Note: A great letter to the Editor from well respected former legislator Aubyn Curtiss.
To the Editor,
MEDIA BLITZ RAISES NEW QUESTIONS
Yes, we know that the Salish/Kootenai tribes are promised $ 1.2 billion if the CSKT Compact is approved & Montana is committed to pony up another $ 55 million. Now we hear that upwards of another million has been added to the mix with the emergence of an intensive media campaign purported to be in the scope of a gubernatorial or presidential campaign—that much in radio contracts alone.
Concerned water users in the Clark Fork Basin, puzzled by the dubious assertions made by the spokesperson for the newly formed group, Farmers and Ranchers for Montana, have had their attention jerked to this even more puzzling development. Who is paying for the radio ad campaign? What special interest can afford the side bar ads on the Internet? They are not cheap.
In an editorial printed here on 1/15 it was indicated that the expressed purpose of the above group is to “educate Montanans about the CSKT. Yet there seems to be no substantive information made available and it seems to be the case with the other promotional ads too. Only glowing statements supporting passage. How can they be so certain when the sponsor of the CSKT bill is still endeavoring this week-end to prepare what he described as a “risk analysis.” This, too, grabs attention when the senator has stated that our county, one of eleven “off-reservation” counties whose water rights could be compromised, is protected.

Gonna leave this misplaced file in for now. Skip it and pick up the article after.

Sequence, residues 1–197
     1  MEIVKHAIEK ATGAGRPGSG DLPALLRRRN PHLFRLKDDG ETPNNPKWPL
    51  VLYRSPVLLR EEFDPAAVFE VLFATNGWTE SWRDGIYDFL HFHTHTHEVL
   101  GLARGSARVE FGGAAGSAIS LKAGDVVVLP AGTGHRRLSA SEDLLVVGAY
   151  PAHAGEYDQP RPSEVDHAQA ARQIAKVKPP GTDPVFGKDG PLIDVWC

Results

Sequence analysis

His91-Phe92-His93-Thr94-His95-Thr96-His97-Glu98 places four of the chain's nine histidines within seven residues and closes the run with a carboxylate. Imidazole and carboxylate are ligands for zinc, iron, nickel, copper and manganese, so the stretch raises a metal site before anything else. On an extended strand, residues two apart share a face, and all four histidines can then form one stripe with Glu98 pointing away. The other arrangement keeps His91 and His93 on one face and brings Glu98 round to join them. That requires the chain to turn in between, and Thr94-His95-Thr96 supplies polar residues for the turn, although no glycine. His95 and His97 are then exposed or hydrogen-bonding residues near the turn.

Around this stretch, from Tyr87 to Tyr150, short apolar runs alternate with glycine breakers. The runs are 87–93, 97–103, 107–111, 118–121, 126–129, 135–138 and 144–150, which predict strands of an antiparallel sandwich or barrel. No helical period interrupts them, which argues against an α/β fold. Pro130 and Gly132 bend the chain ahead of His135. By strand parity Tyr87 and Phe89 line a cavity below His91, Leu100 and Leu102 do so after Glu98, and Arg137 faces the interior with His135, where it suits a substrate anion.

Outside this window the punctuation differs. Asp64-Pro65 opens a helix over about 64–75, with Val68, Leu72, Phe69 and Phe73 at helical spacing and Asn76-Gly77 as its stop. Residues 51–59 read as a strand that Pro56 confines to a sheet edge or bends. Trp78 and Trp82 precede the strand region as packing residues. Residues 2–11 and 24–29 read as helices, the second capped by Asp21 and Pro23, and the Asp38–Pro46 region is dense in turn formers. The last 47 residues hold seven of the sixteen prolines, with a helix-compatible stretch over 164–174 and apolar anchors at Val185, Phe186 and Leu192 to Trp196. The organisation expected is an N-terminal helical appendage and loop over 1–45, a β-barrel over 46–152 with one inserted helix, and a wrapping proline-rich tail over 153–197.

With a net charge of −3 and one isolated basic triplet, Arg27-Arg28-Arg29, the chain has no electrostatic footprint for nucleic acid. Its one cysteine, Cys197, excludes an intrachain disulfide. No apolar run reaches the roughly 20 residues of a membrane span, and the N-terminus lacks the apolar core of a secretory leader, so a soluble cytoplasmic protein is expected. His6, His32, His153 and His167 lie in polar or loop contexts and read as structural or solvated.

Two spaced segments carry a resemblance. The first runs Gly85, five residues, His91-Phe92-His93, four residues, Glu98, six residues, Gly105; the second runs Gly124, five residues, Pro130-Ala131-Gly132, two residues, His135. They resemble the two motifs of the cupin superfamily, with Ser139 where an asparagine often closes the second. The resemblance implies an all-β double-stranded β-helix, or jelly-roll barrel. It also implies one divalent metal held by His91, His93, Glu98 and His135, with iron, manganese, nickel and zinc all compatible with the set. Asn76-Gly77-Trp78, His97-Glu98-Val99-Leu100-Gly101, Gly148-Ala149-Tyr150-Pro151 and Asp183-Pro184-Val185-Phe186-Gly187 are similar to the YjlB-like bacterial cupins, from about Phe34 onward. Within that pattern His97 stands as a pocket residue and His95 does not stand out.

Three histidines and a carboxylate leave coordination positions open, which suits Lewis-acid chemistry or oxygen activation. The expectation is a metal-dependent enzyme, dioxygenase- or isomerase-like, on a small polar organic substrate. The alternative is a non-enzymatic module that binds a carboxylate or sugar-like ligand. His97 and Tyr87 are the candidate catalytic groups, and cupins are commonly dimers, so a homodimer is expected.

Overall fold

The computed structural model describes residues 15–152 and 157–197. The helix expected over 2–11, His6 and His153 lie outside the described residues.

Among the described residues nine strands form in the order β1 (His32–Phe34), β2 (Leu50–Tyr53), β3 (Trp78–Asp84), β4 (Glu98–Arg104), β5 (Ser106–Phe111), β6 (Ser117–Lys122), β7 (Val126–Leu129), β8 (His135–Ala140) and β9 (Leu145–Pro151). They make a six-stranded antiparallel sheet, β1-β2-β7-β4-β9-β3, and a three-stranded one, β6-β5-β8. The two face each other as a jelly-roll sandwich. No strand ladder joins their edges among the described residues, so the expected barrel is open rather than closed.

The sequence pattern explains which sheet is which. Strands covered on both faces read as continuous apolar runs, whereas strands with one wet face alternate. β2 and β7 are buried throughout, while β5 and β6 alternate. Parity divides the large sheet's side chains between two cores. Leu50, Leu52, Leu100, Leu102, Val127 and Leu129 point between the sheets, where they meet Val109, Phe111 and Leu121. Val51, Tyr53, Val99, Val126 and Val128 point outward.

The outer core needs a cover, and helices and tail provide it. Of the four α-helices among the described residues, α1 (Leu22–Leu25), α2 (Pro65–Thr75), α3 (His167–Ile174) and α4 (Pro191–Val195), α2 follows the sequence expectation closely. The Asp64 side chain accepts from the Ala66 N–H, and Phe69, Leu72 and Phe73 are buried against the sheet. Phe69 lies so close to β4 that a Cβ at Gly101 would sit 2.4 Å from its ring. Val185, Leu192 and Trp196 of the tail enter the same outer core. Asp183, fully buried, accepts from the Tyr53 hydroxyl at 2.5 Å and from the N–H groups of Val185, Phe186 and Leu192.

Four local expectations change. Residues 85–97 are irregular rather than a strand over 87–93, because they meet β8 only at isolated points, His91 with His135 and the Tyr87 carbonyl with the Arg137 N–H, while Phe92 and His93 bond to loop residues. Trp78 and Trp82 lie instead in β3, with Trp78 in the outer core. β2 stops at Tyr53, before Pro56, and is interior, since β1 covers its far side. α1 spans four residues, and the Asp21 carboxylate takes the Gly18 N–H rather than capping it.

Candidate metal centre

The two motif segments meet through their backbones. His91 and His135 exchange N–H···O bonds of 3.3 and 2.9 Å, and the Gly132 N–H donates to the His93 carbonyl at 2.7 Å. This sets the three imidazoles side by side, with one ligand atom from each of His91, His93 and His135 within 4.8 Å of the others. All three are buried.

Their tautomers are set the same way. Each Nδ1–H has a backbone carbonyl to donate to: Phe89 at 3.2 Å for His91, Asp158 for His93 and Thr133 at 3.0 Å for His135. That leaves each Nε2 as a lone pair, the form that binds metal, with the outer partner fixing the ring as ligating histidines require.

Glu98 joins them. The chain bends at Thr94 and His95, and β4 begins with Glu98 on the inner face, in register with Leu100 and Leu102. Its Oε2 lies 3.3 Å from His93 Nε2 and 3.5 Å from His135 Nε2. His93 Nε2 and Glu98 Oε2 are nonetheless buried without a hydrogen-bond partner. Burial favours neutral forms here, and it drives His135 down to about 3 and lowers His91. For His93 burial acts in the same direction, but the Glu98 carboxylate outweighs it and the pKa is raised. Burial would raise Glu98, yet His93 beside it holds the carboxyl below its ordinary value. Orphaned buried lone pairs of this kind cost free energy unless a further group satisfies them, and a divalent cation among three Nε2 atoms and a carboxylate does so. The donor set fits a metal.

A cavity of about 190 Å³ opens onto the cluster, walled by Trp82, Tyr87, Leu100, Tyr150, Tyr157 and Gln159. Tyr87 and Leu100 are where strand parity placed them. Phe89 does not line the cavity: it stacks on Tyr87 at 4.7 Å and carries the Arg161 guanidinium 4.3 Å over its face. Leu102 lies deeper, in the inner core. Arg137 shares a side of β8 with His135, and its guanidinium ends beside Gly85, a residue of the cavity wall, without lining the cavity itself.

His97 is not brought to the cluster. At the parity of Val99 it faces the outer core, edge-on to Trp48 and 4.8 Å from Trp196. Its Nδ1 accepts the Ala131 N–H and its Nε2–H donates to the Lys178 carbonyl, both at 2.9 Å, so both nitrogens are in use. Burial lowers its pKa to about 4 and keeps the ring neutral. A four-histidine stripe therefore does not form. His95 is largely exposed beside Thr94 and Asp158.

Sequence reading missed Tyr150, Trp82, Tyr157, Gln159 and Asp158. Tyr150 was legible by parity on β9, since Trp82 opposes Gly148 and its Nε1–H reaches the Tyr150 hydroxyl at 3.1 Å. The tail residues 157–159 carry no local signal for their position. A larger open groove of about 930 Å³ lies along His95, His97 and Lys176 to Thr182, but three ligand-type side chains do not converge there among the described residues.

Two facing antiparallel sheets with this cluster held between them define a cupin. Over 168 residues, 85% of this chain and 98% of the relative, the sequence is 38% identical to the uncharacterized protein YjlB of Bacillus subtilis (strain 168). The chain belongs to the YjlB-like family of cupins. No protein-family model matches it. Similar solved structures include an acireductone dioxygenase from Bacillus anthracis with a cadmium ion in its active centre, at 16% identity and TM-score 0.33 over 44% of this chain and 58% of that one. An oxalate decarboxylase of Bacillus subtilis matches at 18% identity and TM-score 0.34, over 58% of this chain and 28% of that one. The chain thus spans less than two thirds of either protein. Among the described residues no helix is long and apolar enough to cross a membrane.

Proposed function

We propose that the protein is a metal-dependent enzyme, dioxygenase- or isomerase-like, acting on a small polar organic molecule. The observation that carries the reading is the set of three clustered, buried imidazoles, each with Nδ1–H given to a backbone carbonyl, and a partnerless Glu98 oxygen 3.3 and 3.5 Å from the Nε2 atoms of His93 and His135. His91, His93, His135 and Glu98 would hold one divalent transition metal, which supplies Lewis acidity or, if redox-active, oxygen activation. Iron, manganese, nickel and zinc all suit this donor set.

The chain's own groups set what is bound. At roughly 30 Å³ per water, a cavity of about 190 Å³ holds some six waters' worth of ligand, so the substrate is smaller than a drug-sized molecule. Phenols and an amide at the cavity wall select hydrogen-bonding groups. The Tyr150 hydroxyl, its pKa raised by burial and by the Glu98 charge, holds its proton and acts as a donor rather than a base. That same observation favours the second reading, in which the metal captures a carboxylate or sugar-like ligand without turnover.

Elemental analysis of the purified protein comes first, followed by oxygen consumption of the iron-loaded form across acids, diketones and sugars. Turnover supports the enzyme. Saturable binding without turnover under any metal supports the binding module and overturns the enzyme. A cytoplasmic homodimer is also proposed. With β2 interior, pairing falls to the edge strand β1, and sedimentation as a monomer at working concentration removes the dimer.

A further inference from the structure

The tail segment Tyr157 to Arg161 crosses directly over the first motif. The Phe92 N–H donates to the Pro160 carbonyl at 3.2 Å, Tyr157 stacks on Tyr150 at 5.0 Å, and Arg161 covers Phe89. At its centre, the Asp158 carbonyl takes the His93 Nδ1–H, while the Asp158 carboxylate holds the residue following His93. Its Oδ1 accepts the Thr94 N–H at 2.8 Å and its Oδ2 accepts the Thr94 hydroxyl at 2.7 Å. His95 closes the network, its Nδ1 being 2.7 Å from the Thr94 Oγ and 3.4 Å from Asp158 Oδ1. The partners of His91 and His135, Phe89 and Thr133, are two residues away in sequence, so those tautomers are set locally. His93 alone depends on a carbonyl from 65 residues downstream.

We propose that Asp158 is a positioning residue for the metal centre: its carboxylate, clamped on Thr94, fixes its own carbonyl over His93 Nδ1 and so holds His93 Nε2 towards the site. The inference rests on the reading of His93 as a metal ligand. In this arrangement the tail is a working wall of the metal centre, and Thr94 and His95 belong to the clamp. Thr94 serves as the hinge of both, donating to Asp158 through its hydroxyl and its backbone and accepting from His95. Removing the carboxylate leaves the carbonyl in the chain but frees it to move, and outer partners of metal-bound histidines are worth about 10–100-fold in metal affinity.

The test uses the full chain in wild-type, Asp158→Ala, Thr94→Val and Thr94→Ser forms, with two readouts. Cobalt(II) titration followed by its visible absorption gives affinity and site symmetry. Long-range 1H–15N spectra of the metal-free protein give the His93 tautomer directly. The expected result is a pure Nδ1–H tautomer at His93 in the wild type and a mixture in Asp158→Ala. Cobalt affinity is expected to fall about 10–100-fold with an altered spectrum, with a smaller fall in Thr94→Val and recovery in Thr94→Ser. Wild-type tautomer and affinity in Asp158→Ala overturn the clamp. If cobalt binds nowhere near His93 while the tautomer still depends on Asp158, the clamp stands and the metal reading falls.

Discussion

Montanans do need educating about the 1400 (1500?) page CSKT Compact! We need to learn exactly what Montana stands to gain, other than an ethereal promise of less water litigation. We need to know the cause of these actions hanging over our heads. Are they related to 12,000 actions threatened by the tribes if the CSKT is not passed by the Montana Legislature? Anywhere else that could be perceived as a threat.
We need to know if Montana’s best interest here is the same as the interests of non-tribal water users who have properly filed on water they are putting to beneficial use and depending upon Montana’s Constitution and court system to protect their rights.
We need to know the ramifications of agreeing to a precedent-setting deal—the like of which never before in these United States has given a sovereign tribal nation the right to control distribution of off-reservation water. We know that the U.S. Justice Department will enforce that right, once it is surrendered by Montana, but the big question is who will be defending the rights of John or Jane Doe? Has any thought been given to the number of suits when they discover that their rights have been literally sold down the river? And once other Tribal Nations view the bonanza granted the Salish/Kootenai, what is to prevent them from bringing actions to obtain the same advantage? Endless litigation.
Wake up, Montana, before special interests; Uncle Sam and/or the Salish Kootenai buy enough advertising to convince your legislator to capitulate to their demands. Make no mistake—they want it all. and too many people we have sent to Helena seem willing to help them get it. The U.S. Justice Department has never backed off from representing tribal interests on the reservations—now the Compact opens the door to a whole new playing field. It makes perfect sense for the federal government to ante up 1.2 billion dollars if it can buy them the ability to see that control of water in the entire Clark Fork Basin is placed within their grasp as custodians of tribal interests. Water is today’s gold!
Thanks for opportunity to comment.
Aubyn Curtiss (termed from Senate in 2010)
Twenty-four year veteran of Montana Legislature
House & Senate Judiciary & Natural Resources Committees
Select Water Committee Assignments
Chair, State/Federal Relations Committee